Here is a breakdown of each position battle, along with Pressing Questions which will be need to be answered this Spring …
Spring Roster: Brent Burnette (Sr.); Nick Hirschman (So.); Connor Wood (So.); Stevie Dorman (R-Fr.); John Schrock (R-Fr.)
Incoming this fall: Shane Dillon
What’s at Stake – The Buffs’ 2012 record, the future of the program, and life as we know it.
Okay, perhaps it’s not that dramatic, but it’s not a stretch to say that the Colorado football program this fall will only go as far as the new quarterback will take it. Gone is three-year starter Tyler Hansen, who leaves in his wake virtually no experience at the position. The only other quarterback on the roster who took snaps from center last season was Nick Hirschman. The red-shirt freshman saw action in five games, but his only real opportunity for significant action came in a start against Arizona State. Hirschman went 8-for-18 for 71 yards against the Sun Devils, but threw two poor passes which should have been intercepted. The CU coaches then yanked the shaky Hirschman in favor of Hansen, even though the senior had suffered a concussion the previous week, and had practiced little the week of the game.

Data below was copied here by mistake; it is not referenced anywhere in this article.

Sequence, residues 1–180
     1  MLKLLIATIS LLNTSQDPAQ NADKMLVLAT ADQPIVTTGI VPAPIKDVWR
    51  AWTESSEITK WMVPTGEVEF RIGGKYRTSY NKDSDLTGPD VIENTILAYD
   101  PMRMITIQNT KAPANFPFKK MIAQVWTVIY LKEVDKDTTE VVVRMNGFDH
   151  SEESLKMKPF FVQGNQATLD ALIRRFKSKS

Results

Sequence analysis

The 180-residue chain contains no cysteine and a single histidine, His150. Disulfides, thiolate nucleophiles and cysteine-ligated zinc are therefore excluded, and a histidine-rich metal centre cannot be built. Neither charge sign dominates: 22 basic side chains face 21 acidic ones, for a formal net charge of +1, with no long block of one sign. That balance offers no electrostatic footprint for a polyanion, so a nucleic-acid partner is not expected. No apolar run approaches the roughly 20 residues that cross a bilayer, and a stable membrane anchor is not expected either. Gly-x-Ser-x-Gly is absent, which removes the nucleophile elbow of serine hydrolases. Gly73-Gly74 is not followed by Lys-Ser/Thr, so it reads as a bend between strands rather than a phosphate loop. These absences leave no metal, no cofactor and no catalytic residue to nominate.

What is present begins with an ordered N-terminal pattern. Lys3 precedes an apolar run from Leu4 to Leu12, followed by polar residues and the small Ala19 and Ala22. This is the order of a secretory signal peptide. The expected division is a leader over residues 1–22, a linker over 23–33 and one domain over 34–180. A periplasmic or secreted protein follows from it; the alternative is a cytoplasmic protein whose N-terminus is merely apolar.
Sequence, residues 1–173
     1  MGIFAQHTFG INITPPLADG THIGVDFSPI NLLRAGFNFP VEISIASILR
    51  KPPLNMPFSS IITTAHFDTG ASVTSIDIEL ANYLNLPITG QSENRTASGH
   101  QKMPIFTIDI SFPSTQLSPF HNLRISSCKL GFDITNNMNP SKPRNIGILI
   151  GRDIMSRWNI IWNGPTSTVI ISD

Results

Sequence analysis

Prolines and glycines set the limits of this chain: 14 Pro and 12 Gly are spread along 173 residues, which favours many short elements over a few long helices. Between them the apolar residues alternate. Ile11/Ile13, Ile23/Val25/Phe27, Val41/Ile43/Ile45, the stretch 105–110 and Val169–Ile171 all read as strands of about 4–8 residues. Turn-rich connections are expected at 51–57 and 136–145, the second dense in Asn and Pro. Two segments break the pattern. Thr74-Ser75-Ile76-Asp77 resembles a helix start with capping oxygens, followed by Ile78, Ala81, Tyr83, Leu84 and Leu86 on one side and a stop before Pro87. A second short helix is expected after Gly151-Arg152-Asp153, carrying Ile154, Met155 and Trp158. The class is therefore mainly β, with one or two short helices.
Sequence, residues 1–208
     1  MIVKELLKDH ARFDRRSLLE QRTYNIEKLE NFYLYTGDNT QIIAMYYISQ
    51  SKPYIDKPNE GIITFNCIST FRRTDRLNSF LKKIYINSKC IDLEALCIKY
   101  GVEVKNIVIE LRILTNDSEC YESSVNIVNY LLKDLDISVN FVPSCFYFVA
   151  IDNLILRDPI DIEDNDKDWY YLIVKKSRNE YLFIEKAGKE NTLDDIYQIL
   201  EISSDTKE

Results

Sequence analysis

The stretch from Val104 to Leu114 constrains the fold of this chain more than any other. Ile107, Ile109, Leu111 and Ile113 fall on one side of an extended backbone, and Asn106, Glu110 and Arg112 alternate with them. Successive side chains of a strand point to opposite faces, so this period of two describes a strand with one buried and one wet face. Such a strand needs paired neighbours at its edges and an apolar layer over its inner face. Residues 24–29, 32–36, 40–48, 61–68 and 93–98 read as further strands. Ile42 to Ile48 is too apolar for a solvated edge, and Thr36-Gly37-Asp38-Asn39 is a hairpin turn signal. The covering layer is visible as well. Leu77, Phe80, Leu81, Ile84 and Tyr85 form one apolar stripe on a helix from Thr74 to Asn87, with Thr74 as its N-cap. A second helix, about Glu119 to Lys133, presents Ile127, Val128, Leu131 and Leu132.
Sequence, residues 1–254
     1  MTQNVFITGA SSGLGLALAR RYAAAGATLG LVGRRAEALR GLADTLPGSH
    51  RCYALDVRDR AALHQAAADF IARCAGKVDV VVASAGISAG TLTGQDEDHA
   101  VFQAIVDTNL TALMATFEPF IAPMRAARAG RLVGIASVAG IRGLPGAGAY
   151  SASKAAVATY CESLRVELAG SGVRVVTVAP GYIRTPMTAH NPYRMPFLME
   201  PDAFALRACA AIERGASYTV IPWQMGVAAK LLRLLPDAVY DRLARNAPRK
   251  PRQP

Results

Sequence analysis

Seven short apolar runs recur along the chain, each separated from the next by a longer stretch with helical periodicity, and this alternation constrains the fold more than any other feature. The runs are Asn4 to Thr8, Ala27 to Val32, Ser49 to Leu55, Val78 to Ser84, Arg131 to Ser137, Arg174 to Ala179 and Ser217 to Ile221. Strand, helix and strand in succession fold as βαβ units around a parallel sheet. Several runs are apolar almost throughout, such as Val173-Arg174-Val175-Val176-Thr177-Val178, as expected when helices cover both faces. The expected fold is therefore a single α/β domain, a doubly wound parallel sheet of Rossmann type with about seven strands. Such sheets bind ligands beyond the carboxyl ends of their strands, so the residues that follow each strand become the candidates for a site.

Still, Hirschman might have been the favorite to take over the starting position this spring, but in January Hirschman underwent foot surgery, and his status for spring practice remains uncertain. If Hirschman is not a full go, the Buffs will have Burnette, Wood, Dorman and Schrock competing for reps this spring.
Brent Burnette has playing experience against 1-A competition, if you count playing as a backup for Middle Tennessee … in 2009. Burnette had a chance last spring and summer to impress the coaches and his teammates that he was ready to step in as Hansen’s primary backup, but lost out to Hirschman, a red-shirt freshman.
Stevie Joe Dorman was not slated to be a major factor last fall, with a red-shirt his destiny coming out of Texas as a true freshman. Still, Dorman slid down the depth chart as the fall went on, and will have to take great strides this spring in order to put himself back into the conversation as a viable backup.
John Schrock, an invited walk-on from Kansas City, did make a good impression last season. Staring out well behind Burnette, Hirschman and Dorman in terms of time with the new system, Schrock nonetheless continued to impress and improve throughout the fall. While it remains doubtful Schrock will see playing time in 2012, his stock as an option for the backup position continues to rise.